Ms Jaroslava Skleničková is one of the last living kids who survived the total burnout. She tells us that she was brought up by the Ravensbrück concentration camp where she learned a lot. Only in 1945, she learned about the fate of the village. She returned to the rebuilt Lidice only as a pensioner, and she bought an iPad, too.
If you really need to see what the mass execution of the men looked like. From Lidice (2011).
All buildings including the (St Martin) church were put on fire, their ruins were detonated days later, all trees were cut (except for one pear that the Nazis believed to be dead: it is a historical tree protected by the government now), all farm and domesticated animals were burned, the pond was destroyed by bringing brash – special temporary tracks were built to achieve this goal. A creek was artificially redirected so that nothing would be left at the same place. The whole area of the village was supposed to become a field with no traces of the village. (These days, there are memorials everywhere.) The Nazis' fanatical cruelty was just amazing, especially if you realize that they knew very well that none of the folks in the village had anything to do with the assassination. But the losers were too weak to do something to the folks in London who succeeded in removing the beast of Prague – so their revenge was targeting innocent rural folks. I mean, this nasty guy would have been executed in 1945 or 1946, anyway, so why was there so much hysteria about the acceleration of his fate by 3 years?
As the 2011 movie discusses in detail, one man from the village, Mr František Saidl (renamed to Šíma in the movie, probably because they didn't want the viewers to be distracted by Saidl's originally German name), was just serving his time in a Prague prison – because of a brawl in a pub that ended with a death. His imprisonment was the reason why he survived. When he saw that his village had evaporated, he wanted to be executed despite the delay. To make sure that he would be executed, he pointed out to a Gestapo apparatchik that Heydrich was a stinky pig who deserved to be killed. The Nazi authorities refused to execute him, anyway, claiming out that everyone already knows that Heydrich was a stinky pig, it was already legal to endorse the assassination, and the EU required too much paperwork whenever someone is shot dead. This Mr Saidl remembered lots of details about what the village had looked like. After the war, however, no one was interested. His very existence turned out to be inconvenient for the post-war (and increasingly communist) simplified image of that village. "All men were killed" was pretty much what we were taught, too.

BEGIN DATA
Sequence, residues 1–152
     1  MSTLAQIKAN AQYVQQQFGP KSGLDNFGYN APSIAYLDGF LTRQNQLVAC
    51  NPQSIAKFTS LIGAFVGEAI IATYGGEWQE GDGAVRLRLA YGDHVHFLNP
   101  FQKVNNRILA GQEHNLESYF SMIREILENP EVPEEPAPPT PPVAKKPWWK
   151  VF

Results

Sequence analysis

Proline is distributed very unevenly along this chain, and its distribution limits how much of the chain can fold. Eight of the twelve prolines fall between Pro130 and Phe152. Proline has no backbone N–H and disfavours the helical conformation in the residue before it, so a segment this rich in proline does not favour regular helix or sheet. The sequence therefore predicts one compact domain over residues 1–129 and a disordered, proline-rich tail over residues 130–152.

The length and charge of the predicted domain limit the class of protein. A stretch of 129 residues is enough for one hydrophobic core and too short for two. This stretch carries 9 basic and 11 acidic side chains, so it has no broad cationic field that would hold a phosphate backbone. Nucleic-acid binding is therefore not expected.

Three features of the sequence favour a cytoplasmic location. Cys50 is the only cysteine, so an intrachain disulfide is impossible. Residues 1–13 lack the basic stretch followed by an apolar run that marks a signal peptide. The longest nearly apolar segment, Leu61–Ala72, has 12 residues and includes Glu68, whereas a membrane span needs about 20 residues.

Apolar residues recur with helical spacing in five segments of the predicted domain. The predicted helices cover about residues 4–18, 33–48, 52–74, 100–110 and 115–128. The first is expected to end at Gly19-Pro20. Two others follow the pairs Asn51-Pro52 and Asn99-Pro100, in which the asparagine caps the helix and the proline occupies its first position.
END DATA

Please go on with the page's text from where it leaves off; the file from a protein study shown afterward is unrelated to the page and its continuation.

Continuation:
Lidice (2011), a trailer.
Two weeks later, on June 24th, a 10 times smaller village Ležáky (=Lagers or Deadstocks) was flattened, too. This smaller village was never rebuilt. Lidice was actually not rebuilt by the communists – but largely thanks to the generosity of miners in Stoke-on-Trent in England in 1947.
The story of Lidice was heartbreaking but I personally think that it was still right to organize the assassination of Reinhard Heydrich. Assassinations like that should have taken place much earlier than in 1942 – lots of suffering could have been avoided in that way. There was a clear difference between the ordinary Czechs' and the Czech political elite's attitudes to Nazism. Edvard Beneš et al. who were in London were trying to fight for their homeland – while the ordinary folks were mostly satisfied with their lives on the occupied territory. Well, I am surely one of those who find the attitude of the politicians much more ethical and inspiring than that of the "flexible" ordinary Czech folks.
It was right to execute the butcher in the sake of the basic dignity of my nation, its status as a winner of the war, return of the Sudetenland, but also because Heydrich was a genuine threat for the lives of tens of millions of additional people. Historians often say that Heydrich wouldn't have hesitated for a second to realize the plan to murder some 1/2 of the Slavic population of Europe, among other things. In that comparison, the cruel sacrifice of Lidice is a cherry on a pie.
Two weeks after the massacre, the Czechoslovak president Dr Edvard Beneš made a statement in English. In our records and the humanity, Lidice will loom large. I am sure that the post-ward expulsion of Germans was at least partly a retribution for this massacre, too. Without the assassination and the subsequent events, Sudetenland could have very well stayed a part of German after the war. In August 1942, Churchill legally nullified the Munich Treaty and in September, Lidice Shall Live was backed by some British authorities.